Staff photo by Joshua Curry
The Wrightsville Beach Police Department has installed the automated license plate recognition cameras to one of the department’s cruisers, which will run license plates through a vehicle database.
This month, the Wrightsville Beach Police Department began the operation of its new Automated License Plate Recognition System. The WBPD purchased three ALPRS cameras and police chief Dan House said one has been installed on the department’s mobile speed trailer; one has been installed on the trunk lid of a police cruiser, and the recently purchased third camera would soon be installed on another police cruiser.
“The reason why we purchased the third unit is because we have two rotations of vehicles,” House said. “This way it will mean … the trailer will be out there as often as possible and then at least one of the two vehicles will be out.”
The cameras, designed to read the alphanumerical combinations on license plates, cross reference them with crime databases to alert all on-duty officers of any known offenders in the area.
“It is tied into the National Crime Information Center and also the Division of Criminal Information here in the state, so if anybody has entered into the system with warrants, wants or any other pertinent things … all that information gets downloaded to us,” House said. “Say it picks up a tag that is associated with somebody that was wanted out of New York; it lets us know and alerts all the vehicles.”
Once collected, all data will be stored on a server provided by the system manufacturer for 30 days before the WBPD purges the cache.
House said he encountered the need to install a series of validations for a hit when he tested the system. In one instance a camera read a series of numbers on a business’s sidewalk advertisement that corresponded to the license plate of a known criminal. He said the validation process would only take an officer around 30 seconds to run a verification by calling the county’s communication center.
“We need to have a valid hit and a valid concern before we take time out of someone’s day,” House said.
Although other jurisdictions like Raleigh that have used the system have gotten the best results by keeping the cameras mobile, House said having an officer sit near the Heide Trask Drawbridge would be the most efficient utilization of the system in Wrightsville Beach.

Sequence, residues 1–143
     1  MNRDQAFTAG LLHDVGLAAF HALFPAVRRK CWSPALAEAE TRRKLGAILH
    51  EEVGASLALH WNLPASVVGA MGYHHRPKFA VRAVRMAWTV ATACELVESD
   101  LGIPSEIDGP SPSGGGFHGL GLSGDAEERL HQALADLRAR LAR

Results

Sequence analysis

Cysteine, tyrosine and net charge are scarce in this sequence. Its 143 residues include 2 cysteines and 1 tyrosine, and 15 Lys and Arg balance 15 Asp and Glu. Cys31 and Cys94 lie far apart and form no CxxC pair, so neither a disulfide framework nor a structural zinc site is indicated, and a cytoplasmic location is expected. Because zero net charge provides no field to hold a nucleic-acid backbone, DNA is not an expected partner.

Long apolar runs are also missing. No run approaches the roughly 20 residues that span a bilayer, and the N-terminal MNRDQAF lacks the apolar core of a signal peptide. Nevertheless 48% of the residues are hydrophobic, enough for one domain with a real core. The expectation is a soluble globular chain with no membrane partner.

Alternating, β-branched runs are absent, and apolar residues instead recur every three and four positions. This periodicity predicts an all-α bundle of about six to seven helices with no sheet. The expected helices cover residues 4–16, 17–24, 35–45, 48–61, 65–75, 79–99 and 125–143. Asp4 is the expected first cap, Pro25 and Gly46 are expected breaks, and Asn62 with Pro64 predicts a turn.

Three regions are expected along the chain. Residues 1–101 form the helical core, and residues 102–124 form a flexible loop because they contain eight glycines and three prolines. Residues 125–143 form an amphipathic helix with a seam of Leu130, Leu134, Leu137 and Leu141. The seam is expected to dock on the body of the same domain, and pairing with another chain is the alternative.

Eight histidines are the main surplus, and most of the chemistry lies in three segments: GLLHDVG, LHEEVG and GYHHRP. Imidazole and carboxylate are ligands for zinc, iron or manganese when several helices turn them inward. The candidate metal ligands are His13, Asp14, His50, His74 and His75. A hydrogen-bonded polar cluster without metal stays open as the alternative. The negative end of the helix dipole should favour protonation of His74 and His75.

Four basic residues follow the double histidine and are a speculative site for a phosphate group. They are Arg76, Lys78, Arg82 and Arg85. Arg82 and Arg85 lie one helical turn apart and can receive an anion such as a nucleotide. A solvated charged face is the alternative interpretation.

“It is like a force multiplier,” House said. “There is one way on Wrightsville Beach and one way off, so if we are able to capture every tag that comes over the bridge I would say by far that would be more beneficial.”
Although the department has yet to run all three of the cameras at once, House said the returns, especially in the summer season, would greatly benefit his officers and detectives, as well as citizens.
“If serious things happen you have two or three usual suspects, but if you have nothing to tie them here it is not much of anything,” he said. “However, if we can say at 2:30 in the morning they came over the bridge and at 3 we knew there was a break in, that is a real good starting point. The benefit to the citizens is, if we do have people out here who have committed violent crimes in other areas and they have warrants for arrest, we are able to pick them up and take them out of the community.”
The WBPD initially wanted to permanently place one of the cameras in a position to read every license plate that crosses the drawbridge; however, House said the North Carolina Department of Transportation was legally unable to approve placing anything in its right of way that was not traffic related. In an effort to circumvent this stipulation, House said the WBPD asked state legislators to permit the NCDOT to approve non-traffic related items in its right of ways. He has not heard if anyone has acted on the request.